(I also used miles to book my round trip flight to Thailand, so I’d already saved this money!)
The flight was super quick, at just under an hour. I barely got my immigration paperwork filled out before the flight attendants were asking everyone to lift up all tray tables and to get ready for landing.
What’s more is that I took an 8:00 p.m. flight, which allowed me the whole extra day in Bangkok. Among other things, I was able to explore the Chatuchak Weekend Market, which would have been nearly impossible otherwise.
It ended up being the best decision because, as soon as I booked my ticket, all my uncomfortable feelings disappeared. I had a fabulous time in Siem Reap and exploring Angkor Wat. This experience reaffirmed for me just how important it is to trust your gut when traveling solo.
Have you ever made a decision (or wish you had) that made you feel better while traveling solo?
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30 thoughts on “Deciding Not to Cross the Border Between Thailand and Cambodia”
Smart move. You really do have to go with your gut in situations like this. Plus, AirAsia is a much more comfortable option than an old bus 🙂 Glad our post and experience could help you make your decision!
Thanks for all the great info Tara! It really made a difference! Yes, I smiled the whole way to Siem Reap on that AirAsia flight!
Great write up.
One piece of advice I would throw in if you’re going to fly from Bangkok to Siem Reap:
Take at least $40 usd or ฿1,500 Thai baht in cash.
Cambodian immigration won’t accept Cambodian Real and prefer USD.
There is only one ATM machine in the immigration hall at Siem Reap airport and although I have travelled to Siem Reap many times (withdrawing cash on arrival), all my cards were rejected on my most recent trip.
I think it was down to the machine not working as a couple of other travellers couldn’t withdraw cash.
Not a word of English was spoken by the immigration staff and they didn’t understand that the ATM machine wasn’t working.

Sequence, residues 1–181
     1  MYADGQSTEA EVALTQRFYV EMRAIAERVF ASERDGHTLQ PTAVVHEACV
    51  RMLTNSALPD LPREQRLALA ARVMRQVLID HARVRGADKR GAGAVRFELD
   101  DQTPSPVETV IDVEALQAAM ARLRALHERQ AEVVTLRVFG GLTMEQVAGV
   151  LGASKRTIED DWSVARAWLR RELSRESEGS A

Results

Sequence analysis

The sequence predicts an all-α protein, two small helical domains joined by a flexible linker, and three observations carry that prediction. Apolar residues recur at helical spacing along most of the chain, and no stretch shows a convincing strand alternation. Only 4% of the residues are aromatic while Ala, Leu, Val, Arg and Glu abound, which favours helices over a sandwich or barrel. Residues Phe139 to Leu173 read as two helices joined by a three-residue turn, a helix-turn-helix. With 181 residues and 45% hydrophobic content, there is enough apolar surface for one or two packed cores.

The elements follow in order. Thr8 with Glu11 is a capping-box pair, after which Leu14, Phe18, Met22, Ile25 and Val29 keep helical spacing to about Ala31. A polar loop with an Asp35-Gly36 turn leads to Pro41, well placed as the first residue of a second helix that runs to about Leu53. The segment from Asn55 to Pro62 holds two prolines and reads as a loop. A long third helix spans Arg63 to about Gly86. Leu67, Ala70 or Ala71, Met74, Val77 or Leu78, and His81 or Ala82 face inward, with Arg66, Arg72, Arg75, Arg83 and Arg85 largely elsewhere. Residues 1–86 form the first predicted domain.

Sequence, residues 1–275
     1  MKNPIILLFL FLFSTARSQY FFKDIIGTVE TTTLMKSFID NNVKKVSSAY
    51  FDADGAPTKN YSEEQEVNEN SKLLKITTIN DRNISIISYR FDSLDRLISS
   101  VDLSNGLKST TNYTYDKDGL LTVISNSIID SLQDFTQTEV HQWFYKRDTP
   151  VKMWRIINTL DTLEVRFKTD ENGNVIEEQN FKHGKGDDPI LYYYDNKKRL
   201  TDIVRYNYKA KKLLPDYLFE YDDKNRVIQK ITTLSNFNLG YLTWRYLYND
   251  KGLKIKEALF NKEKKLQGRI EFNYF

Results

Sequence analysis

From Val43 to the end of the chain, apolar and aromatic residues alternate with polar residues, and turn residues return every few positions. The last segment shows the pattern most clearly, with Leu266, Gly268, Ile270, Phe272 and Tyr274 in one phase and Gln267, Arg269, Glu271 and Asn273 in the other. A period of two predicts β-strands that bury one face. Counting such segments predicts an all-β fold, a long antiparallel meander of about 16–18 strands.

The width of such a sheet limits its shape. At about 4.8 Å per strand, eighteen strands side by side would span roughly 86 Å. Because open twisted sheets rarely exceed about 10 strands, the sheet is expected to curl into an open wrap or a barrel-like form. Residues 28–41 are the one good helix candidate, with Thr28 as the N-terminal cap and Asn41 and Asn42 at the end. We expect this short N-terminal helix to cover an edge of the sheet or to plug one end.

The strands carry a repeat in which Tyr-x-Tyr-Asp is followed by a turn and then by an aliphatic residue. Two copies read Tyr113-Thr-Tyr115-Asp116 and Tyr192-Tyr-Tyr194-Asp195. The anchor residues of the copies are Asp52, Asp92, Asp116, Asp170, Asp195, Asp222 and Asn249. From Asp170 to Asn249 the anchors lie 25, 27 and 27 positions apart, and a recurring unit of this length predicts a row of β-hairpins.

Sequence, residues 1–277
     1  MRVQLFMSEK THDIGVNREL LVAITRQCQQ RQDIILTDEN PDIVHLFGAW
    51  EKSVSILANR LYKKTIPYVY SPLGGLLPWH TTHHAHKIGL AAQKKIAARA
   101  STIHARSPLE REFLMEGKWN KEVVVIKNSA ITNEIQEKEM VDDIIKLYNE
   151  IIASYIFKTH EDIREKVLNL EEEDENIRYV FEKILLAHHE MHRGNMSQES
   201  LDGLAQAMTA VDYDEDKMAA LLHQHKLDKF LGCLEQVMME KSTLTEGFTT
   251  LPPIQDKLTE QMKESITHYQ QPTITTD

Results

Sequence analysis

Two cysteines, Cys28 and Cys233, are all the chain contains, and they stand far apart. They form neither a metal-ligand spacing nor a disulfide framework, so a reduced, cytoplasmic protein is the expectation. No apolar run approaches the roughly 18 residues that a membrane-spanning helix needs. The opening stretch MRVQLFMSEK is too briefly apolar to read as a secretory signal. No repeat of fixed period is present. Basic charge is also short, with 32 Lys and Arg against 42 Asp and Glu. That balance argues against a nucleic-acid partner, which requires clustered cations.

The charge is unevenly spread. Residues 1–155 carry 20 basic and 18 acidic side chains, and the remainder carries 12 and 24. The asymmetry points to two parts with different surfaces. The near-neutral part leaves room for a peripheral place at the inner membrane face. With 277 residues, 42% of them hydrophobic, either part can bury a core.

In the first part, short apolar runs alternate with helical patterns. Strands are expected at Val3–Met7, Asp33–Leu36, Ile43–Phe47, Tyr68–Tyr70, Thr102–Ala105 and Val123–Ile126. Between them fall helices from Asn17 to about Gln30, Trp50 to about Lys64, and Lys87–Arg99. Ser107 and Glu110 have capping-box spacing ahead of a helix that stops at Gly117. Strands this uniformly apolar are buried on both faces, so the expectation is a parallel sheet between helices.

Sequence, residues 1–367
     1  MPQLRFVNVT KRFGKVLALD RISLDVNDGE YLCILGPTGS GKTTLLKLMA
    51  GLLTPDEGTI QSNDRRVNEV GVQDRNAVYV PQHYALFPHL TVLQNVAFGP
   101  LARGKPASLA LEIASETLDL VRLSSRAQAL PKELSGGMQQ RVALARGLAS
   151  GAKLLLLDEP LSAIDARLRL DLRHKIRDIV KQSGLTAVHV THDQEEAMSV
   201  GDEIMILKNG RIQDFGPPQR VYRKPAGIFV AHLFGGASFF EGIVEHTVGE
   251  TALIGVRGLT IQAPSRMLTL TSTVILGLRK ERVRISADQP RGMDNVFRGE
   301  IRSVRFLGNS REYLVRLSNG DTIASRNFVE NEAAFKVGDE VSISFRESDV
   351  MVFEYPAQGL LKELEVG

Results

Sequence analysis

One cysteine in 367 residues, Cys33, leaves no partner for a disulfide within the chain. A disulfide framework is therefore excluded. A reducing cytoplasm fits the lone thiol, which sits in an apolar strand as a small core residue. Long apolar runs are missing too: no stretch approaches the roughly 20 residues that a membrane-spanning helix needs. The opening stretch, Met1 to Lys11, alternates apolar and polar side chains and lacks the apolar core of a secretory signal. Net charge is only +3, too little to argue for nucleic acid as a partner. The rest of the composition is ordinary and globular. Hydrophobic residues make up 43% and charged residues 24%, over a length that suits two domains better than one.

I was lucky to have some Thai baht in my wallet, but the other travellers who had no money were having a real tough time.
So pro tip: take some cash if you want a Visa on Arrival.
Excellent tips Adam! Thanks! USD are the currency to have in Cambodia for sure. I also learned (the hard way!) that the bills need to not only be crisp, but also dated in a recent year. A woman at a restaurant would not take a $10 because it was dated 1999!
Sounds like you did a lot of research before! Back in 2009 when we were planning to cross between Laos and Cambodia, we didn’t do any research at all and ended up at an unofficial border crossing. We had to pay $1 (!) bribe in order to cross and on the other end there was no transport so we had to pay through our teeth to get 50 km to the next settlement. So yes, it’s probably good you did your research!
Yikes! That really stinks! I had the same feeling I’d end up paying the same or near the same amount as the AirAsia ticket and be kicking myself for dealing with such an uncertain situation.
I completely agree about trusting your gut when travelling solo. Even in Europe there are places I hesitate to try at night. But, there’s plenty of other things to see and so much better not to be on edge when you are visiting
Exactly what I kept saying to myself, Fiona. What’s the point in feeling on edge? Solo travel has its pros and cons. It’s important to be smart about activities after dark.
Sometimes our bodies and minds know something we don’t. I always trust my gut too.
That was absolutely the case here, Lesley!
Sometimes it’s totally worth the extra expense to feel comfortable and secure–sounds like it was a great decision! I would have a hard time dealing with the scams too–I think I can be a bit of a pushover sometimes. Thanks for sharing your experience!
Me too, Jenna! The scams made me feel really vulnerable. Flying was the right choice for me!
Land transit seems arduous and that was 20 years ago for me, I ended up flying to Phom Penn sp.on Air Asia for the first time and it was easy and quick